When this post publishes, I’ll be a few hours away from my normal residence, devoid of telephone or email, and hanging with high school students. No, I’m not creepy, and I’m not a luddite. My side job is working as the Children and Youth Programs Associate for a church in DC. As part of a larger group of churches, we’re headed to Franklin, West Virginia to work with a Habitat for Humanity affiliate for a week.
Whatevs, right? Maybe you did some Habitat for Humanity stuff for your college application or at you at least know how to use a hammer (sure, IKEA counts). Why is this a big deal? What makes it so cool? All of these reasons:
- They were building before I could eat solid food, and they’re doing a great job at it. Since incorporated in 1989, Almost Heaven has built 110 houses.
- Look at the map. Notice anything about that little line of blue? It’s the Potomac River. Some of the water that ran past me in the three years I lived in DC also ran past Franklin. It was theirs first.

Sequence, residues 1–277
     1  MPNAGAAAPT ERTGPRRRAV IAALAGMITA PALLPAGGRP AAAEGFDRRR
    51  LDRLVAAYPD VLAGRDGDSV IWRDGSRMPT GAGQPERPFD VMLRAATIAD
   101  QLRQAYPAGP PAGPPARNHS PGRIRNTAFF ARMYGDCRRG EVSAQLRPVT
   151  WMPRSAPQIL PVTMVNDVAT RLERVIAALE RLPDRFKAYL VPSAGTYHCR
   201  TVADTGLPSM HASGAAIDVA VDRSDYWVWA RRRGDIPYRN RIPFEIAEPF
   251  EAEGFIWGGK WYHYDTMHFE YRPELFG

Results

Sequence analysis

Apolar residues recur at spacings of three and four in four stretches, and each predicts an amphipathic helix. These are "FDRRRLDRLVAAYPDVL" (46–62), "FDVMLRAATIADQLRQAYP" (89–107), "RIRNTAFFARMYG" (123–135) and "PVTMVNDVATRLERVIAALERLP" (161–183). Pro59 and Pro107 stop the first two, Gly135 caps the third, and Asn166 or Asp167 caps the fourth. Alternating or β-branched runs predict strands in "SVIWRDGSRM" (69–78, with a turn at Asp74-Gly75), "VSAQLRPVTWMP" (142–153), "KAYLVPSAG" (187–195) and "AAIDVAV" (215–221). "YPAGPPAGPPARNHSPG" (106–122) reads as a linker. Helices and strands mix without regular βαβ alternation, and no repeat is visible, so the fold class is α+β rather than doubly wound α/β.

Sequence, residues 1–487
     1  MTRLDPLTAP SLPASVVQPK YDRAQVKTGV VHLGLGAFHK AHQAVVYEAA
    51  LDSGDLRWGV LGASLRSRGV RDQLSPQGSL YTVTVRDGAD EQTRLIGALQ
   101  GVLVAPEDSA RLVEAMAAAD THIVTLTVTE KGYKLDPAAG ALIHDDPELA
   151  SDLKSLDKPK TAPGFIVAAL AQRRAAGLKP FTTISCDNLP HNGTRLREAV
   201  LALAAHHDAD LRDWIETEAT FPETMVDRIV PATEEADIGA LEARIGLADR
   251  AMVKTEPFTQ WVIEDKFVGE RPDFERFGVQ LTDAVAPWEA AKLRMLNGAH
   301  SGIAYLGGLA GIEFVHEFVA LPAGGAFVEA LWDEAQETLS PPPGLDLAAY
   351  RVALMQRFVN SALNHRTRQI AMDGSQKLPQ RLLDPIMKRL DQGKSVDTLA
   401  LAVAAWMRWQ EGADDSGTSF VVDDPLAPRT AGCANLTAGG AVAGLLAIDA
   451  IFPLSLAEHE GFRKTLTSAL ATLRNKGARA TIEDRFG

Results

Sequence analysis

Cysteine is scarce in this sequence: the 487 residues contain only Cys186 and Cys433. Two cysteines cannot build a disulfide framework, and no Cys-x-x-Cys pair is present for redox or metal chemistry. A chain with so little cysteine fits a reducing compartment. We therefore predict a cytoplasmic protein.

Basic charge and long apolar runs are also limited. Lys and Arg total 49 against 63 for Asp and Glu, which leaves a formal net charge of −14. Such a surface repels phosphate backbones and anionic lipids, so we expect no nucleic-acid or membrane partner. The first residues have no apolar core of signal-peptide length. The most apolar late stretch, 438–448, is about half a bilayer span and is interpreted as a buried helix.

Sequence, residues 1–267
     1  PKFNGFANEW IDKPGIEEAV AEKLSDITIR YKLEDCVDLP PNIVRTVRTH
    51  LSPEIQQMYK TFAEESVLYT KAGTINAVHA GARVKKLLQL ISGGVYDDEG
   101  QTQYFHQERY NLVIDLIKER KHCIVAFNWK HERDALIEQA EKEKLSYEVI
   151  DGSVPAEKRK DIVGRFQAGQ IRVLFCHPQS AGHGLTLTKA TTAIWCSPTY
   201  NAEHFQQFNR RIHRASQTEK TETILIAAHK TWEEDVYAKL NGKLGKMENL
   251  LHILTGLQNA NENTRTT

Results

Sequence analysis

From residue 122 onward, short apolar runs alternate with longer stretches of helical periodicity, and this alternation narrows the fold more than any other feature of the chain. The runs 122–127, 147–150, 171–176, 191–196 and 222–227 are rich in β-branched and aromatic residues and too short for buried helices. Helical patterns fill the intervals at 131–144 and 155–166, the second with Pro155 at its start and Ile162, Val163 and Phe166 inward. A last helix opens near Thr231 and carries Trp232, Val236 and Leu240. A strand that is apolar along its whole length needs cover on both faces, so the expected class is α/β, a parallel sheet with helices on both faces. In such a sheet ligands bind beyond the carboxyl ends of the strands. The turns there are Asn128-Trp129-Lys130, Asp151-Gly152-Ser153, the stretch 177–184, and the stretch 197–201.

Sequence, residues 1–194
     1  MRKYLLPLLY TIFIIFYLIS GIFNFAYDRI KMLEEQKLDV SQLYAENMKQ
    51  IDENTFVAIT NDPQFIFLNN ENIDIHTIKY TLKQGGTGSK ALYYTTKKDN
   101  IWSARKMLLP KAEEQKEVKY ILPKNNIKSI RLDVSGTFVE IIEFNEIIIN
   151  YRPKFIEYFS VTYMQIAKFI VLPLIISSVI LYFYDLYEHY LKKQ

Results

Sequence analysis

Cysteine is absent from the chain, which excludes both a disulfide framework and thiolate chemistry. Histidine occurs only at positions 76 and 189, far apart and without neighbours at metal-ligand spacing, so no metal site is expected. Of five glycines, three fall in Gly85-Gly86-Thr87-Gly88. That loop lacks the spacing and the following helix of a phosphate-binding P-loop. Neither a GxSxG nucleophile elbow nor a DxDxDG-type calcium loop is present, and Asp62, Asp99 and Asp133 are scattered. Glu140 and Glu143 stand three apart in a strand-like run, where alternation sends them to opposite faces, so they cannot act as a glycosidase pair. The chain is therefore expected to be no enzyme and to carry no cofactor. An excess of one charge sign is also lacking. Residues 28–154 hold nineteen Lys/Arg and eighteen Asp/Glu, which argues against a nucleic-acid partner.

- They have a fantastic Facebook page. Check it out, and you’ll maybe even get a preview of our work from this week.
- If you are selected to become a homeowner, you pay no interest on your loan. Almost Heaven quotes Exodus, saying “If you lend money to my people, to the poor among you, you shall not deal with them as a creditor, you shall not exact interest from them.” Regardless of your faith tradition, religious preferences, or lack thereof, the idea of a community invested in serving each other, providing for each other in this way, is pretty inspiring.
- Habitat owners work for their homes. In addition to the application process and paying off the loan, they give sweat equity. Each able-bodied adult contributes 250 hours of work to the local branch, sometimes working on a house, completing repairs, or assisting in the Habitat office,
- Habitat assists future homeowners with classes on credit and debt management, which prepares them for something far beyond my understanding. It also prevents unfortunate situations like the Marreros of Extreme Makeover, where a family loses a home because of the extensive property taxes and utilities costs.
- Because the affiliate was doing work before it joined with Habitat for Humanity and Habitat rules on age limits, Almost Heaven is able to allow some youth to do work, whereas most Habitat locations require workers to be 18. As someone who works with a younger crowd, I’m grateful they get this opportunity.
While I could continue to rant and rave, I should probably start packing. How much work could I get done without my boots?